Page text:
It was the first time I'd been invited to join a threeway. "Hey, handsome," Sam began in a private Facebook message, "you seem like a lot of fun." A certified-platinum approval addict, I bit into the hook like a fish desperate for seven (or eight) inches of worm.
"So, what happens if you get the job you applied for in Pennsylvania?" I asked, taking a sharp turn away from the light and flirty conversation that made my second date with Alex so pleasantly compelling.
I was tentative about saying the "L word;" it was a big step for me -- especially considering that Lucas and I had never actually met. In person, that is. The Internet has, indeed, made the world a very small place.
The truth is that despite the best of efforts, there will always be people we just aren't meant to win over. Some people will never see past our mistakes. Some people will never stop doubting us. Some people will never be happy with us, and that's OK.
Some of us meet the world's expectations only to realize that it failed to give us the fulfillment we sought within ourselves; some of us burnout mid-way trying to fulfill them; some of us realize that there has to be another way to find what we truly seek.
One of the main factors that sets great relationships apart from merely good ones is the depth of emotional intimacy. There are, of course other factors that contribute but authenticity, vulnerability and deep emotional connectedness are right up there at the top of the list.
Living their dream and abandoning yours is exhausting, unfulfilling and such a pity. You are so much more than you give yourself credit for. There's no need to hide what makes you YOU. We need your one-of-a-kind brilliance.
Outrageous. And all for what? Because a small faction of snot-nosed kids within the Republican Party cannot accept the outcomes of the 2008 and 2012 elections and the passage of the Affordable Care Act.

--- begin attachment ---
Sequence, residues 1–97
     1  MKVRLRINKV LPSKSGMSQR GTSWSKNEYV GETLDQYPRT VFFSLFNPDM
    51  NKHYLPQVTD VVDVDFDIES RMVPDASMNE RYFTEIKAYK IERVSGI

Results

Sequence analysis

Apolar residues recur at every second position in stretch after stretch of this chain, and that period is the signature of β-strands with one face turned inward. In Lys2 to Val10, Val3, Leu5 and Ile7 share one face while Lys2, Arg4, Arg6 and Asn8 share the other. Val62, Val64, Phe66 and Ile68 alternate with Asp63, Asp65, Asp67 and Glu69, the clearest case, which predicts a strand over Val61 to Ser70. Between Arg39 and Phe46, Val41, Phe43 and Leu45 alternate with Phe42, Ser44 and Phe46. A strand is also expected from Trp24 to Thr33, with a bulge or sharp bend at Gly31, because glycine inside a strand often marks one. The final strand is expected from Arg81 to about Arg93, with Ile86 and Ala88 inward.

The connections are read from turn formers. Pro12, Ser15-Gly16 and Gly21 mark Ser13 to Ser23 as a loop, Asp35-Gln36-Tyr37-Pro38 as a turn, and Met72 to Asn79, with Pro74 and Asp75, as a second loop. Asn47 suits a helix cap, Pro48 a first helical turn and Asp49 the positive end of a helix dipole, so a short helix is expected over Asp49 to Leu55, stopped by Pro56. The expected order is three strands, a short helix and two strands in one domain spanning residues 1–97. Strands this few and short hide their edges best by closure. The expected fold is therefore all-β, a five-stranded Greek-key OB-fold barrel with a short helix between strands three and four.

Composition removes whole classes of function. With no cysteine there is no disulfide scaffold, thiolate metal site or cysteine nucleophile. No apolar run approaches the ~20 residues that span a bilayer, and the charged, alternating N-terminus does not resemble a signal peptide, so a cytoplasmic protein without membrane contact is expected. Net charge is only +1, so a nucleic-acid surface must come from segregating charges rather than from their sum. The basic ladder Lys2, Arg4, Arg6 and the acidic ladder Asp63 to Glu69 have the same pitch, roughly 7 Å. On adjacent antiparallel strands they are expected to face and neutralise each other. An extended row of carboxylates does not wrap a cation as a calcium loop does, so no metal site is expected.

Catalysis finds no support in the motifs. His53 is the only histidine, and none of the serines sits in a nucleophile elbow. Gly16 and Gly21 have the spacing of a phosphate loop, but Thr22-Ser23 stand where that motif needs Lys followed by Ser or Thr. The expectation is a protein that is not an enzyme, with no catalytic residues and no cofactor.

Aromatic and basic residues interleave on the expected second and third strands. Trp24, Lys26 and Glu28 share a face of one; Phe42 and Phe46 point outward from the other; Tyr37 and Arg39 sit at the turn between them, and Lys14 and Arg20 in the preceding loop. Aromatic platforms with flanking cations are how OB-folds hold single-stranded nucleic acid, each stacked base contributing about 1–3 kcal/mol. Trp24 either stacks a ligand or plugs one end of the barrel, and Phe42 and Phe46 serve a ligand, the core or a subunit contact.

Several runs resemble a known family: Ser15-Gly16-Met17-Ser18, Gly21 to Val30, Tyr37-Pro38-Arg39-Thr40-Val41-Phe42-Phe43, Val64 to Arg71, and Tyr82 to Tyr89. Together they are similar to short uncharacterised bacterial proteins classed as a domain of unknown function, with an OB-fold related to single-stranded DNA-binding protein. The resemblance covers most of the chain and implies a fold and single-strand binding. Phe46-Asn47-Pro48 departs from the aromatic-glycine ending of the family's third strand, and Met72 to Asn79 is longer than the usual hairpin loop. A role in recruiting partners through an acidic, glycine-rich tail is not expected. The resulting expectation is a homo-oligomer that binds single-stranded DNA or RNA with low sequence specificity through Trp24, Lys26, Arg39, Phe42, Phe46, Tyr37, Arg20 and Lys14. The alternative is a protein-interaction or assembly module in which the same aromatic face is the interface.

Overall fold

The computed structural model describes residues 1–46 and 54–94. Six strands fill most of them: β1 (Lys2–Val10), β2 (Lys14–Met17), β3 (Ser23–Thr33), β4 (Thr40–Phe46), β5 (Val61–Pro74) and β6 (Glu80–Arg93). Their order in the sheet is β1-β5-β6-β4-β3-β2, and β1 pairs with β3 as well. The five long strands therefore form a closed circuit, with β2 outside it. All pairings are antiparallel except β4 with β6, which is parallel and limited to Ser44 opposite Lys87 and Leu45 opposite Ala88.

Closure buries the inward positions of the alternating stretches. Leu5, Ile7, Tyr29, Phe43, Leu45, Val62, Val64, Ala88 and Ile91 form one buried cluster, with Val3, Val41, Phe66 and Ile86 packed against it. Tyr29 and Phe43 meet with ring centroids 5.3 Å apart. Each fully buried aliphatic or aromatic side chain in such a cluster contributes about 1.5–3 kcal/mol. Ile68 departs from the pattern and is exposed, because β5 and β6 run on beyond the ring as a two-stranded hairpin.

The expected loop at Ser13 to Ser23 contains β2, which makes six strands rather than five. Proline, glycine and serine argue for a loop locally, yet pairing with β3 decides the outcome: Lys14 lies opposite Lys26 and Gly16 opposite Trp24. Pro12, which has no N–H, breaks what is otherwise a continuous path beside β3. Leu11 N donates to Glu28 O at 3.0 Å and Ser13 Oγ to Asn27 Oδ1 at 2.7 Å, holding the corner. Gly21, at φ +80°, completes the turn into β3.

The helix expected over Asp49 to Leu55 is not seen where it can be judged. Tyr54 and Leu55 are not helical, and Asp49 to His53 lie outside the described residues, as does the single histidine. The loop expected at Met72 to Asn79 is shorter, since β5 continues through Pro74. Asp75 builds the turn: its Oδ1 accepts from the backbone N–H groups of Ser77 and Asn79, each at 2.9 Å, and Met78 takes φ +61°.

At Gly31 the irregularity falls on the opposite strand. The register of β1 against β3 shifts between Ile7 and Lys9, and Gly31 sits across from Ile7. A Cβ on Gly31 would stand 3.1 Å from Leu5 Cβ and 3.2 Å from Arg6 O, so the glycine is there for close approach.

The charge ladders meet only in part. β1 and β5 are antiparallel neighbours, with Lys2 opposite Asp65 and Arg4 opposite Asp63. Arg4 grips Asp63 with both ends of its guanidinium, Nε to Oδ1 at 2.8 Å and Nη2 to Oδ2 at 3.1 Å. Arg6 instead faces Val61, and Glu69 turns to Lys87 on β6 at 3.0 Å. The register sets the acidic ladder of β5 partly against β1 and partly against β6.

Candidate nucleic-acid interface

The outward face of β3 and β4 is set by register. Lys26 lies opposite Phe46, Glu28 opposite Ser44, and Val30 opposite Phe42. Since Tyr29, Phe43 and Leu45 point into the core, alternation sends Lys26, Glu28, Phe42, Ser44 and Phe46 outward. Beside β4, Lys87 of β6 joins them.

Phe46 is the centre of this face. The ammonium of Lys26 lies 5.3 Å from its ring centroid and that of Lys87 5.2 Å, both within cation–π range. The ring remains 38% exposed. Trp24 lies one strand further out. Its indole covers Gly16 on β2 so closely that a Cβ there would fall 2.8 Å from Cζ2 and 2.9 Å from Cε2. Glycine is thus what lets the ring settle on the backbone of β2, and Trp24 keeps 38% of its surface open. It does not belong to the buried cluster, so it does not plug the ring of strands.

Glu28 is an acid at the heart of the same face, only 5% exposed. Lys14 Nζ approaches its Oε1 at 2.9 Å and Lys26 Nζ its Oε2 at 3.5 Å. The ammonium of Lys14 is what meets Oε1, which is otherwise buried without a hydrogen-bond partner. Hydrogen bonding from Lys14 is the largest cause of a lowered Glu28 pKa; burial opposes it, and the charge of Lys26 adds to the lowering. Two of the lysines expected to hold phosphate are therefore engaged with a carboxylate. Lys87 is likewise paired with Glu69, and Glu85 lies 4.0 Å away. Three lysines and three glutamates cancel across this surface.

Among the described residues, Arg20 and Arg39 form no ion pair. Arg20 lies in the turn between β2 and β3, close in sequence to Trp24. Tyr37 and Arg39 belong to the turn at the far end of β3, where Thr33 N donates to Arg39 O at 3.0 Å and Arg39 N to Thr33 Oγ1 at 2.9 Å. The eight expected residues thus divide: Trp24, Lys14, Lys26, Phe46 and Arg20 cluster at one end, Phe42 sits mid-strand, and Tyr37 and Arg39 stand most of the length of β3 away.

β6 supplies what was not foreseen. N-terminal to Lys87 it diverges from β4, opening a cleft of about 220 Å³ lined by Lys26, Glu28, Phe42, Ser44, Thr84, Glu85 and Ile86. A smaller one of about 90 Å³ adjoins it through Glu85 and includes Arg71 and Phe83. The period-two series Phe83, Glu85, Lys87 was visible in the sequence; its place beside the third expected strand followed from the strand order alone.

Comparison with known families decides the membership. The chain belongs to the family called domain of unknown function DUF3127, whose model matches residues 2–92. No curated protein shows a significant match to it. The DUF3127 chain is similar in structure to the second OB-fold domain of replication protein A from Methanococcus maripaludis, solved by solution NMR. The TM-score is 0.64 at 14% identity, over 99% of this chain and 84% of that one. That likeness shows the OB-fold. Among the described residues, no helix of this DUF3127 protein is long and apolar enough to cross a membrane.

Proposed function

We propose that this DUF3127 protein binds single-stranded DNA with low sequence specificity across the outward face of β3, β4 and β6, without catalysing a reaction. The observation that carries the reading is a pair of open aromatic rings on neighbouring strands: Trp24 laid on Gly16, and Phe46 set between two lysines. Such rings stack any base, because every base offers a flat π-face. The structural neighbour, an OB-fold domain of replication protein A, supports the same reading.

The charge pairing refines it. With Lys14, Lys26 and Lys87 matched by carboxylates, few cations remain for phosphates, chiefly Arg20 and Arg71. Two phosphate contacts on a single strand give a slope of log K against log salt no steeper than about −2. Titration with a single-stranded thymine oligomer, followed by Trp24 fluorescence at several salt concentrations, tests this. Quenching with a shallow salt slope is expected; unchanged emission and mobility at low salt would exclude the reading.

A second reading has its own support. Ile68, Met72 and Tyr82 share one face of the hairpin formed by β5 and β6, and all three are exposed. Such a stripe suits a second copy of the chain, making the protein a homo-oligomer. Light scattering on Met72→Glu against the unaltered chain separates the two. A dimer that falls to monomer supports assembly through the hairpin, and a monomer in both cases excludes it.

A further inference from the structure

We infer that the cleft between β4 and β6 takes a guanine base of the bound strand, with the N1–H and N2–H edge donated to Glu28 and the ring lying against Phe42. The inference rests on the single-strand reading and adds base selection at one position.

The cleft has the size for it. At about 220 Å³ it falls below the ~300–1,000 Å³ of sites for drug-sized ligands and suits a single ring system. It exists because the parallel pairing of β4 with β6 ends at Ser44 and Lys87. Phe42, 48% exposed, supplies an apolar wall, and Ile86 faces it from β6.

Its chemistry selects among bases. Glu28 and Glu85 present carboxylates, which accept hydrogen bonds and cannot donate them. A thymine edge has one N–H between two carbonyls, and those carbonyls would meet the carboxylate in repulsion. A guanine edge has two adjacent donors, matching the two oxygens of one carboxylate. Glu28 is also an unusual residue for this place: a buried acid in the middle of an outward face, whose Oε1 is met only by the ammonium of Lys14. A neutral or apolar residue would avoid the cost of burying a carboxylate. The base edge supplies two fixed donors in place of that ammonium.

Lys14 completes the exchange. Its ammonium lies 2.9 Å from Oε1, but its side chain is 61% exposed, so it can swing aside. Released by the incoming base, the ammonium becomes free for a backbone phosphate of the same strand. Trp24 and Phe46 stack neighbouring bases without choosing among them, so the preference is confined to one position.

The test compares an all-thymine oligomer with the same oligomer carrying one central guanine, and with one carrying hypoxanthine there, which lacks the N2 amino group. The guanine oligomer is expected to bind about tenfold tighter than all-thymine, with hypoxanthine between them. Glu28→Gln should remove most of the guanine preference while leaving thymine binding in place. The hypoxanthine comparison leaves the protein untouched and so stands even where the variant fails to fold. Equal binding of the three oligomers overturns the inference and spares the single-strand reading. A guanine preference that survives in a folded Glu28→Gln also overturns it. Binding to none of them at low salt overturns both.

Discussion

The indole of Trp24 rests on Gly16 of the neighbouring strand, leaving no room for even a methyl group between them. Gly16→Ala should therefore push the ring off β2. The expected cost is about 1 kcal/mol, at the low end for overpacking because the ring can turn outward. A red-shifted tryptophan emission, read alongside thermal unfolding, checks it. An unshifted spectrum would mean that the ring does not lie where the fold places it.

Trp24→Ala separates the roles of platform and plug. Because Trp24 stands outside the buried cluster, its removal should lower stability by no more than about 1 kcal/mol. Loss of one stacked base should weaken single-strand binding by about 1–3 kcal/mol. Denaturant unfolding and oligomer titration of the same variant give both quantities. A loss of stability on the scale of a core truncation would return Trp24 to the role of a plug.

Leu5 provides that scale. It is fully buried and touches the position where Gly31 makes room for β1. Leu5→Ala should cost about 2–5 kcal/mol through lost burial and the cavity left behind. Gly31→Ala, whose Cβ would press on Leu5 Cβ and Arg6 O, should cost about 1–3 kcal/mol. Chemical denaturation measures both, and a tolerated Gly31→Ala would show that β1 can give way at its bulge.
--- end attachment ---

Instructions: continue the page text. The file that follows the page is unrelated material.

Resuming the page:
Darrell and I click in most of the important ways, we rub each other wrong in a couple of ways, but mostly we crack each other up constantly. We stayed up all night the night we met, talking -- and that isn't a euphemism for anything else. We talked.
Inner emptiness does not come from a lack of something external -- not even a lack of being loved by someone else. It comes from a lack of one thing only: a lack of awareness of the love that is the energy we live in.
People aren't measurable items, unless we are measuring them by the number of times they've seen Star Wars. We do not lend ourselves to measurement. If you want people do exciting things, stand back and let them explore the environment alone and together.
We cannot get through life without someone expressing their opinion about what's best (or not) for our life. Opinions are not the problem; everyone has them, and it's actually healthy to express them. But what's not healthy is allowing other people's opinions to dictate the decisions we make.
The biggest reason I have found why people don't dare to bring forth their unique gift, to sing their song loudly to the world, is our addiction to approval. Or to put it another way, our deadly fear of disapproval.
With each choice we make, our life picks up a little bit of steam, until, sometimes, before we know it, we find the life we're living is one that's being driven by inertia, heading off in some direction we never planned.
The implication in Emory professor Alan Abramowitz's finding is that politicians spend too much time worrying about targeting specific groups and too little on what moves support up and down across groups (principally, the economy).
Congressional Republicans who think the outcome of this election is a mandate for their view of governance are overstating the case and run the risk of the kind of overreach some say the hurt the Democrats.